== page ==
Monday, August 30, 2021

Favorite Pic of the Day for August 31st


~Check out today's BIRTHDAYS HERE:~

The Bottom Line:

End of the Seasonal Sightings:

'The beach is not always a place, sometimes it’s a feeling.'

Yes, the summer isn't over yet, but the end of August, especially for many of us on East Coast, unofficially means the end of most of our beach days. School starts in a week, and the nights are already (thankfully) getting a little cooler.  I won't go so far as to say fall is in the air, but it is coming up the walk.

I start a folder on my desktop for each of the 4 seasons, for the seasonal sighting images I find.  I'm not quite done with summer yet, but wanted to clear it out before Autumn arrives.  I only got to the beach twice this summer, the first time, in early July, it was still too cold to go in the water.  

I  actually tend to go to the beach more in the winter than the summer.  My dog used to love running on the sand without his leash.  This is much easier in November and December when the beach is deserted.  Everyone 'claims' to love dogs, but understandably, most of us don't like strange dogs running over their blanket with wet sandy paws.   

My dog died a awhile ago, and I'm ready to get another.  I started looking when Covid began last year, but as many of you know, finding a pet then was close to impossible.  It worked out, as I had a fairly busy year between work and family matters and wouldn't have had the time a new pet requires.  Hoping this winter, that might change.  I'm looking to many winter beach days ahead with friends, with family, and hopefully soon, a new pup who enjoys a beach day as much as I do.

More Favorites: Calvin Cobb

I always love finding new images of model Calvin Cobb and have featured some of my favorites  before. (HERE:)  Calvin is so sexy in front of the camera and seems to be pushing the envelope more with new work.  Makes sense then, that Calvin recently started an OnlyFans page.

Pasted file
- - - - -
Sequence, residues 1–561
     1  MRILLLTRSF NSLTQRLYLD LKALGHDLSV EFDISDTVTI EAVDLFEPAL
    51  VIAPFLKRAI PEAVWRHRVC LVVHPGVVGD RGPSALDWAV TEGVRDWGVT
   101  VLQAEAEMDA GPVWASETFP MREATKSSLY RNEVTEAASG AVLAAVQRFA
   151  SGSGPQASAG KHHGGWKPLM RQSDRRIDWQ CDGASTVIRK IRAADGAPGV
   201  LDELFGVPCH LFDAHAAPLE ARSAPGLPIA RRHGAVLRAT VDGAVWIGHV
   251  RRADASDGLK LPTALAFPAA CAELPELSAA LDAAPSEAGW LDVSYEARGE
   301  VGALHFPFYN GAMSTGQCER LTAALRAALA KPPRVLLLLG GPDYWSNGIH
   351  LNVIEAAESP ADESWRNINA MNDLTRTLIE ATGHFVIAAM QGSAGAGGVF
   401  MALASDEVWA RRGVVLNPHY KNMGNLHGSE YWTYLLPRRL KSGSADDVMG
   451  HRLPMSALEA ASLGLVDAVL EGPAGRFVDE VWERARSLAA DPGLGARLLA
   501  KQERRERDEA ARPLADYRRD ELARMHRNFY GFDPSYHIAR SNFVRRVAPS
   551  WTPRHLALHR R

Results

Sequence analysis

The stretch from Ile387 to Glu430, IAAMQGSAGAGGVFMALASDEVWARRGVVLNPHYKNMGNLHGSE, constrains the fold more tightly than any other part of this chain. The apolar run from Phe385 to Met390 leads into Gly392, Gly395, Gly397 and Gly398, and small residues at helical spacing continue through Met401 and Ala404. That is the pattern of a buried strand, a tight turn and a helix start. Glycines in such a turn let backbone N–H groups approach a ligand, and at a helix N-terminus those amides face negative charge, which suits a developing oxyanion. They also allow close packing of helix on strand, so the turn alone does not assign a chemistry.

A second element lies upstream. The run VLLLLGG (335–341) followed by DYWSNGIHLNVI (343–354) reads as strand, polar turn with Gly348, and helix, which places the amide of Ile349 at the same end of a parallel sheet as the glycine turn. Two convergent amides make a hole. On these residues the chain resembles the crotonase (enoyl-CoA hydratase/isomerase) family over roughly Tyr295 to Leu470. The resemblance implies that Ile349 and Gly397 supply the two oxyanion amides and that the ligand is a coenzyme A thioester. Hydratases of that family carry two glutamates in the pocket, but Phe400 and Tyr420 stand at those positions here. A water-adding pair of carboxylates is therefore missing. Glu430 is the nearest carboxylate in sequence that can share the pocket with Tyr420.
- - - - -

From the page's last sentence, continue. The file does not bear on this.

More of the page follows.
I have not joined yet, but plan it soon.  These shots are all favorites that I saved prior to him starting his new page.  Look forward to seeing what envelopes he pushes, and opens next!

Andrea Occhipinti: Actors & SKIN

Andrea Occhipinti was not a great actor, at least not in the few films that I saw, but he is certainly worthy of being on the big screen.  That face, those eyes, that body!   Watching he and Bo Derek 'act' in Bolero was more than cringe worthy, but you can't really put the blame on Andrea.  The story and writing were week.  Had John Derek taken out the dialogue, and just had Andrea and Bo running around naked to an orchestration of the Bolero theme, the movie might have been a hit.

Miranda (1985)

In this erotic comedy, Miranda is the landlady of a small country tavern who is looking for a husband, and tries out a variety of men for size.

Andrea comes off much better in 1985's Miranda.  Maybe in part, because he gets to speak in his native Italian.  Andrea also gets naked, fully naked, unlike Bolero, in the films opening scene.  

If you watch the film, you'll notice a patch of dark hair on the top of Andrea's beautiful butt.  I couldn't decided whether it turned me off, or turned me on.  I was surprised to see it though.  Natural as it may be, if the film had been an American production, he would have been waxed and shaved to save his life.  I have to wonder what discussions took place between the director and producers about whether to keep the dark patch of hair.

I believe Andrea's appearance in Miranda and Bolero mark the actors only on-screen nudity.  Despite his early bad performance reviews, he did continue to get steady work as an actor for the next few decades. Although he still acts occasionally, today, the beautiful actor has moved behind the scenes as a successful film producer and distributer. 

Paparazzi shots

Bolero (1984)

Set in the 1920s, a young woman sets out to lose her virginity. Her mission leads her to a Moroccan sheikh and a Spanish bullfighter.

 'Monumentally stupid as the plot may be, at least its faint outline can be perceived. The subplots defy understanding.'
The Washington Post